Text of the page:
So the entire process of coming up with a budget begin with upper-level management and an overall estimate of the entire project. Then the overall budget is divided among the first level of tasks, and then the budget is divided among lower level tasks and then lower level tasks. This continues until funding has been given to all of the tasks necessary for a project. The project cost is estimated by estimating the costs of the major tasks and near major task. In order to control cost of the project some of the measures are in place like, Monitor project costs through status reports to detect variances from the cost baseline.
Avoid making inappropriate or unauthorized changes in the cost baseline and Acquire authorization for changes in the cost baseline To control the cost easier, along with the above measures, some additional actions like Record the changes made in the cost baseline. Inform project stakeholders of any changes in the cost baseline. A project’s cost change control procedure/system should be designed to outline the actions for changing the project’s cost baseline. In addition, a cost change control system helps the project team provide frequent feedback to project stakeholders about the actual project costs as compared to estimated project costs.
Page188 It is important to realize that although a specific change control system can be set up for project costs, the time, costs, and performance of the project are all interrelated. Therefore, changes made to one of these variables will usually affect the other two. The bottom-up approach involves estimating the cost of individual activities or work packages and then summarizing or rolling up the individual estimates to get a project total. This approach typically results in greater accuracy in the detailed tasks, but there is a risk that some tasks may be overlooked.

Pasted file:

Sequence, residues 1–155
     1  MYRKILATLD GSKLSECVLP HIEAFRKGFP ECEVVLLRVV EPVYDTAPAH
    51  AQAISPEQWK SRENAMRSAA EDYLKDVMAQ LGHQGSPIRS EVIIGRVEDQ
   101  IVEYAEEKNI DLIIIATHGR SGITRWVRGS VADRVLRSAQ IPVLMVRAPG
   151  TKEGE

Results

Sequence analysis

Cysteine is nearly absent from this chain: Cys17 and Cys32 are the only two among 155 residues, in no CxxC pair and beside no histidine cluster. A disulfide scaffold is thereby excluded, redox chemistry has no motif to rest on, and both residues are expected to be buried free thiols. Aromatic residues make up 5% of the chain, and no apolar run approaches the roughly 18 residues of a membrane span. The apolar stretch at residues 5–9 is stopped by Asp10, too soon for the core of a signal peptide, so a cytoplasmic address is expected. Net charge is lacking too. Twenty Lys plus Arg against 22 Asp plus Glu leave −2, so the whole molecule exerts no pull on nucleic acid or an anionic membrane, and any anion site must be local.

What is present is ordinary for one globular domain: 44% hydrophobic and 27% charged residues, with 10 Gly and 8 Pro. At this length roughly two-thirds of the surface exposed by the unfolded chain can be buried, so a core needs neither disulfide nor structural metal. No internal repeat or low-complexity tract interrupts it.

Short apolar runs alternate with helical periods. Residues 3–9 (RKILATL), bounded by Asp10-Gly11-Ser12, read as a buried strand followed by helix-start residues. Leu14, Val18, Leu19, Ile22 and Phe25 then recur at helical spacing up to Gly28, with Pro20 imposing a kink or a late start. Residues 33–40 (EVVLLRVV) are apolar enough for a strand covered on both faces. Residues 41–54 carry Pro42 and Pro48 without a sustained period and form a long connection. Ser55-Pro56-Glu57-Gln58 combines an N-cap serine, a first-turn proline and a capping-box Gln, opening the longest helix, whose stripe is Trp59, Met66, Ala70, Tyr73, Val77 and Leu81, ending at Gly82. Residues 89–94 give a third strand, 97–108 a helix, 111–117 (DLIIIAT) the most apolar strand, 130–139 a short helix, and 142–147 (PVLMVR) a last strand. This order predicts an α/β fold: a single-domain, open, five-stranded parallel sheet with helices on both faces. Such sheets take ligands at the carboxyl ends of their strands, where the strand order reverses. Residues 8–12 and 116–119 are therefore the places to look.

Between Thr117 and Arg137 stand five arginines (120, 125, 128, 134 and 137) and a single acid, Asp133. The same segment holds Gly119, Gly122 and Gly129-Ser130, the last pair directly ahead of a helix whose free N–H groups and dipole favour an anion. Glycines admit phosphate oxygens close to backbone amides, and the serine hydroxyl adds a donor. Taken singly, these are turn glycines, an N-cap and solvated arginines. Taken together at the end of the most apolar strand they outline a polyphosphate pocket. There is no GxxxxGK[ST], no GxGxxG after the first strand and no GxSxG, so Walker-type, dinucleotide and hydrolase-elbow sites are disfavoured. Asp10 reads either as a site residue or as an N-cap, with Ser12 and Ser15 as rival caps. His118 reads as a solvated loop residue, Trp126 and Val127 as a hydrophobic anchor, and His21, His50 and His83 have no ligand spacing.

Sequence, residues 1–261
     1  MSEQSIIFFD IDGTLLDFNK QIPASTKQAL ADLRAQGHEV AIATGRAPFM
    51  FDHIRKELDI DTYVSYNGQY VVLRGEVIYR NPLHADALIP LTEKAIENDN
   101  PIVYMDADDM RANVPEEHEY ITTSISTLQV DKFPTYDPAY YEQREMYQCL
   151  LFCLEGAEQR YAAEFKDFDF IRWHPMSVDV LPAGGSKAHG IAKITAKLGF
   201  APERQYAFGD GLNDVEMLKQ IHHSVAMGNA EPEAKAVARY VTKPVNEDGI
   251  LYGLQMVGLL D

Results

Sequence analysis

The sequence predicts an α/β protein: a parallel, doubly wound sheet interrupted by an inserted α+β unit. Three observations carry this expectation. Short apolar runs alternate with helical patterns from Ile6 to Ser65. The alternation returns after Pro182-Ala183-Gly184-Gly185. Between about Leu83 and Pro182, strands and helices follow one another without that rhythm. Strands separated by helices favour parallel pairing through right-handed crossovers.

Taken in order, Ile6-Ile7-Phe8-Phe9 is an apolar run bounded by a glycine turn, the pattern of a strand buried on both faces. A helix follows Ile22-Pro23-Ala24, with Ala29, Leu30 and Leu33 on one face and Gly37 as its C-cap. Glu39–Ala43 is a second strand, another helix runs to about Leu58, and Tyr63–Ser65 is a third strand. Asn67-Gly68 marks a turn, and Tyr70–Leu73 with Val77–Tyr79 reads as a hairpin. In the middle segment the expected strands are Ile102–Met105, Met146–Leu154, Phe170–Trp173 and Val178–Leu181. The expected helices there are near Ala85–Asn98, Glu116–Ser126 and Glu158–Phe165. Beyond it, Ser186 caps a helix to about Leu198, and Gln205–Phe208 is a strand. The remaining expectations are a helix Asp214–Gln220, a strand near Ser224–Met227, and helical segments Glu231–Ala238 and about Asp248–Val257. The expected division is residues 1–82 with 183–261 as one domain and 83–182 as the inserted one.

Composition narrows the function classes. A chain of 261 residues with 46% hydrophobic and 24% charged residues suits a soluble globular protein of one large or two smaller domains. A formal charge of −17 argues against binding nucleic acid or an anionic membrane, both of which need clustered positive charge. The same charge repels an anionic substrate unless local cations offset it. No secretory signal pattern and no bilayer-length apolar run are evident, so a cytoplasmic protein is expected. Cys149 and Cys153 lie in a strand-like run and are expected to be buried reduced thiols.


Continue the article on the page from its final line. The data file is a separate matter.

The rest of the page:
Costs means the overall estimated cost for a particular program alternative over the time period corresponding to the life of the program, including direct and indirect initial costs plus any periodic or continuing costs of operation and maintenance. ct managers use requirements identification, needs analysis, goals, and other factors to forecast the resources their project will require. Resources include personnel, materials, money, services, and other expenses required to achieve project goals.
Cost estimating is based on the available information related to costs and on the experience of those involved in the estimating process. Project budgets are dependent on accurate figures, knowledge of the environment, availability of resources, and other factors that may or may not be within the project manager’s control. One aspect of risk analysis and management is allowing for differences between the proposed world and the actual world of the project. The top-down approach to budgeting is based on experience with similar, past projects.
The overall project cost is estimated by estimating the costs of the major tasks. With this approach, overall budget costs can be estimated quite accurately, but individual estimates may be in substantial error. The bottom-up approach involves estimating the cost of individual activities or work packages and then summarizing or rolling up the individual estimates to get a project total. This approach typically results in greater accuracy in the detailed tasks, but there is a risk that some tasks may be overlooked. 3. Contrast the advantages of top-down budgeting and bottom-up budgeting. http://books. oogle. com/books? id=vol37b8_lLEC&pg=PA391&lpg=PA391&dq=Contrast+the+advantages+of+top-down+budgeting&source=bl&ots=crD6ytoxGg&sig=0kEMpvSfgG3eC1Ncy6NilieJbhs&hl=en&ei=f2w3TuayJcSusALUhoQZ&sa=X&oi=book_result&ct=result&resnum=1&ved=0CBgQ6AEwADgK#v=onepage&q=Contrast%20the%20advantages%20of%20top-down%20budgeting&f=false Bottom-up budgeting If you are bottom-up budgeting, you begin by identifying all of the different tasks and steps that are involved in a particular project. Then go through and write down all of the different resources and all of the money that will be needed for each step.